Before the Moon brightens the evening sky, lets look at another of the winter constellations.  The constellation Gemini, the Twins is visible high in the east-southeast, above and left of Orion the hunter at 9 p.m.  The namesake stars of the two lads, will be at the left end of Gemini, vertically aligned.  Castor is on top, while Pollux is below.  From them come two lines of stars extending toward Orion that outline the two.  In Greek mythology the lads were half brothers, Castor was fathered by a mere mortal, while Pollux was fathered by Zeus in the famous Leda and the swan affair, but were born together.  When Castor was killed during the quest for the Golden Fleece, Pollux pleaded with Zeus to let him die also, so both appear together in the sky forever.

Times are for the Traverse City/Interlochen area of Michigan. They may be different for your location.

Addendum

Gemini

Gemini revealed by animation. Created using Stellarium and GIMP.

12/10/2015 – Ephemeris – What’s a charioteer doing holding goats?

December 10, 2015 Comments off

Ephemeris for Thursday, December 10th.  The Sun will rise at 8:08.  It’ll be up for 8 hours and 53 minutes, setting at 5:02.   The Moon, 1 day before new, will rise at 7:59 tomorrow morning.

Rising now more than half way up the sky in the east at 9 p.m. will be the bright star Capella and its pentagonal constellation Auriga the Charioteer.  Auriga appears to be hunched down sideways in the sky in his chariot carrying 4 goats.  Capella is the mother goat, and a slim triangle of stars near her are her kids.  Perhaps the kids in the chariot were such a distraction that he crashed.  So maybe the gods placed them in the sky as a warning.   In fact that triangle is an asterism widely known as the Kids.  The Milky Way runs through Auriga and it is the home of several star clusters that appear as fuzzy spots in binoculars.  Capella for us in northern Michigan never sets.  It is a winter star that can be seen year round.  It’s disconcerting to spot it scraping the northern horizon in July.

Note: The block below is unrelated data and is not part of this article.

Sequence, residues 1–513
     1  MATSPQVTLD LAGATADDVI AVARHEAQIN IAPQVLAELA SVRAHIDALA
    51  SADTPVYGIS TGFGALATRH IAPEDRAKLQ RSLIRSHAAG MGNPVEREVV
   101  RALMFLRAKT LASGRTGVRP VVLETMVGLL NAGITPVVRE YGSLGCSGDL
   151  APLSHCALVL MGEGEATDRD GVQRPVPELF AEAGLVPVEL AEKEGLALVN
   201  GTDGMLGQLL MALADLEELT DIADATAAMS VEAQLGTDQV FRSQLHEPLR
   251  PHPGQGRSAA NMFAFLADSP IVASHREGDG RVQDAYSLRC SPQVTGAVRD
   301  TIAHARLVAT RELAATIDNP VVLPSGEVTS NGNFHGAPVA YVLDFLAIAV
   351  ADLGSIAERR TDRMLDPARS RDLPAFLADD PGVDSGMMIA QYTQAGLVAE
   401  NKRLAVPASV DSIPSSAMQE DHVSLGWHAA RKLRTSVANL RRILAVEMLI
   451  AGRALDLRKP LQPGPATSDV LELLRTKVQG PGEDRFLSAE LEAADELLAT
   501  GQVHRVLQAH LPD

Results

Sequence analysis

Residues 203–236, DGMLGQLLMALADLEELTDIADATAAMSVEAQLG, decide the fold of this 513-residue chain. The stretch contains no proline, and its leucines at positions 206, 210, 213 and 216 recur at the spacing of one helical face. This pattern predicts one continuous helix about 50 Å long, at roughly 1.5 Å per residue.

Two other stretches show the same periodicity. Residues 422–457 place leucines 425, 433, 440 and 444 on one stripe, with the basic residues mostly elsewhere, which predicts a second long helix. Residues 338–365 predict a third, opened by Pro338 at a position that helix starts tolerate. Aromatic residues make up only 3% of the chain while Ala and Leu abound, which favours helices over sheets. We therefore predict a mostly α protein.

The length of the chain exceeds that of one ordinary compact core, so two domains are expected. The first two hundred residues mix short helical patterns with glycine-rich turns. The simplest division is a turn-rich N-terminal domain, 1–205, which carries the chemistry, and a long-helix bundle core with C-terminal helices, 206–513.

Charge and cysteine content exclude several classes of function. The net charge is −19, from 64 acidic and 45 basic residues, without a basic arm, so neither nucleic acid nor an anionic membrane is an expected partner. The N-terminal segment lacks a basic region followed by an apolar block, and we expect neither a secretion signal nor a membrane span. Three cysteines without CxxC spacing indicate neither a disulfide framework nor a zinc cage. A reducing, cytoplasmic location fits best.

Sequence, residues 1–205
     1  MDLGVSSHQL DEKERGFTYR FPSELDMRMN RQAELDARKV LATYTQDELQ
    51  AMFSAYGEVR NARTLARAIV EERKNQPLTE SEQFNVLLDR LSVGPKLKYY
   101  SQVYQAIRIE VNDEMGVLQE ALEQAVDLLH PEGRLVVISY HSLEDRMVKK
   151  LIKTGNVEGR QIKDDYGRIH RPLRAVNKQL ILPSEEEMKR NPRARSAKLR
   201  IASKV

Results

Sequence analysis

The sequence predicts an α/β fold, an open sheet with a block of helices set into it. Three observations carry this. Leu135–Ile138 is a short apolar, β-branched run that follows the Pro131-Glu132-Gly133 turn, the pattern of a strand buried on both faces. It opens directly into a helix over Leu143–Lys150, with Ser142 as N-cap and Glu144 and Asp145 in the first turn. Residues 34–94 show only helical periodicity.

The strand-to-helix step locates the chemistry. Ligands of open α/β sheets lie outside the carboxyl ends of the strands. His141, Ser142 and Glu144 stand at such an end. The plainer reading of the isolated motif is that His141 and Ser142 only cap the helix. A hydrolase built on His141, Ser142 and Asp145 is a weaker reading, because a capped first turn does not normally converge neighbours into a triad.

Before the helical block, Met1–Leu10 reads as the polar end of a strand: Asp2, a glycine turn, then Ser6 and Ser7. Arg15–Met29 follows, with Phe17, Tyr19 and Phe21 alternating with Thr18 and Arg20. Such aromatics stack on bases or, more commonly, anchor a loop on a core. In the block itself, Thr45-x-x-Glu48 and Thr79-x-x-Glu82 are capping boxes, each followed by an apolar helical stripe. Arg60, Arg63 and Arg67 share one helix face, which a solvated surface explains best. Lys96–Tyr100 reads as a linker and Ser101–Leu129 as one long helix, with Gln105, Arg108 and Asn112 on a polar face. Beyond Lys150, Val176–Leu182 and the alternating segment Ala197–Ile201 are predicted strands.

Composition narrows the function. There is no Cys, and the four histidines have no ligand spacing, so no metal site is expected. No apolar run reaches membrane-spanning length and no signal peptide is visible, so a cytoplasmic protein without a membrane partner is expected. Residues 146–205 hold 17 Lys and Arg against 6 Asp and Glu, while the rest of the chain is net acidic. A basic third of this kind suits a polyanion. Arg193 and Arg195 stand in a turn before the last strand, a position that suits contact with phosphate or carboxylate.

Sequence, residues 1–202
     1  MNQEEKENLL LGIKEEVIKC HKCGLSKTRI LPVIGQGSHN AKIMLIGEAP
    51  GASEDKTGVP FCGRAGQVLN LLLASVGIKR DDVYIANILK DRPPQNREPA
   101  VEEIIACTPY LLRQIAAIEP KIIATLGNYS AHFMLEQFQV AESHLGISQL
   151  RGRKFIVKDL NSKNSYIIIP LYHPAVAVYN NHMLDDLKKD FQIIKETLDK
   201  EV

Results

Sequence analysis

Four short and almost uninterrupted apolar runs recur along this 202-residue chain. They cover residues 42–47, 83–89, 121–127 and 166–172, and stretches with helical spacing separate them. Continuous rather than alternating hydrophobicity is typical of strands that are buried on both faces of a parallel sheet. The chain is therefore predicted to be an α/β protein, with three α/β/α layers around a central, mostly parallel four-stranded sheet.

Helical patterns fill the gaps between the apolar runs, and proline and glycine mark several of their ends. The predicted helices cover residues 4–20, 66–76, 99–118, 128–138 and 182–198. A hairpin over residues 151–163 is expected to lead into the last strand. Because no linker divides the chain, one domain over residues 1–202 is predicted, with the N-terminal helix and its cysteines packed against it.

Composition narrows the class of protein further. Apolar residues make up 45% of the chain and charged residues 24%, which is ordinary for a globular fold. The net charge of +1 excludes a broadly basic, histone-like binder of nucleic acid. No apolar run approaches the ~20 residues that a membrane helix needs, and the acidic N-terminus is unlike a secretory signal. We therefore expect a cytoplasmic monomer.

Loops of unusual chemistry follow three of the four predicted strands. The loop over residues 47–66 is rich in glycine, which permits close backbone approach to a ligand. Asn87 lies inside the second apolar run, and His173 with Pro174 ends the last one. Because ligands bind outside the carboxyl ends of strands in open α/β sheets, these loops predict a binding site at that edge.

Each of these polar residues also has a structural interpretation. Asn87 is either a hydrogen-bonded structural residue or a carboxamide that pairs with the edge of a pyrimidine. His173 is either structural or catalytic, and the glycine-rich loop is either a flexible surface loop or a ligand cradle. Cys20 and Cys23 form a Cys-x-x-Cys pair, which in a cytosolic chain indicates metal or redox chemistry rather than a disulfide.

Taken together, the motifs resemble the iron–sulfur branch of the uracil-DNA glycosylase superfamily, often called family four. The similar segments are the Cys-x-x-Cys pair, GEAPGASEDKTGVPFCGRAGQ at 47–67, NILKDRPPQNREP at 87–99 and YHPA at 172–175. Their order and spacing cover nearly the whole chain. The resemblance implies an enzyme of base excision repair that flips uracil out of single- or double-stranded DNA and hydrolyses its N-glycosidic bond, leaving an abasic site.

Times are for the Traverse City/Interlochen area of Michigan. They may be different for your location.

Addendum

Auriga

Auriga and neighboring constellations for 9 p.m. December 10, 2015. Created using Stellarium and GIMP.

02/16/2015 – Ephemeris – The Winter Circle

February 16, 2015 Comments off

Feb 16.  This is Bob Moler with Ephemeris for President’s Day, Monday, February 16th.  The sun will rise at 7:42.  It’ll be up for 10 hours and 30 minutes, setting at 6:12.   The moon, 2 days before new, will rise at 6:25 tomorrow morning.

The winter skies are blessed with more first magnitude stars than any other season.  That’s a full one-third of the total are seen is a relatively small area.  Six of these stars lie in a large circle centered on the seventh.  This circle is up at 9 p.m.  Starting high overhead is Capella in Auriga the charioteer.  Moving down clockwise is Aldebaran in the face of Taurus the Bull.  Then down to Orion’s knee we find Rigel.  Down and left is the brightest star of all Sirius the Dog Star in Canis Major, lowest of these stars in the south-southeast.  Moving up and left is Procyon in Canis Minor, Above Procyon is Pollux in Gemini the twins.  All these are centered on Betelgeuse the bright red star in Orion’s shoulder.

Times are for the Traverse City/Interlochen area of Michigan.  They may be different for your location.

Addendum

The Winter Circle of 1st magnitude stars

The Winter Circle of 1st magnitude stars

02/13/2015 – Ephemeris – The stars Castor and Pollux

February 13, 2015 Comments off

Ephemeris for Friday, February 13th.  The sun will rise at 7:46.  It’ll be up for 10 hours and 21 minutes, setting at 6:08.   The moon, 2 days past last quarter, will rise at 3:51 tomorrow morning.

At 9 p.m. the constellation of Gemini the twins will be seen high in the southeast.  The namesake stars of the two lads are the two bright stars at the top of the constellation.  Pollux the pugilist, or boxer, is the lower of the two, while Castor, the horseman, is the other star, or rather a six star system.  In telescopes two close stars may be seen each is a spectroscopic binary, meaning the lines of two stars can be seen in the spectrum.  A faint nearby spectroscopic binary also belongs.    Pollux, though a single star, does have at least one planet, one over twice the mass of Jupiter orbiting the star at a distance somewhat greater than Mars is from the sun.  Pollux is 34 light years away while Castor is 50 light years away.  Not too far away as stars go.

Times are for the Traverse City/Interlochen area of Michigan.  They may be different for your location.

Addendum

Gemini with the stars Castor and Pollux

Gemini with the stars Castor and Pollux. Created using Stellarium.

 

Categories: Ephemeris Program, stars Tags: , ,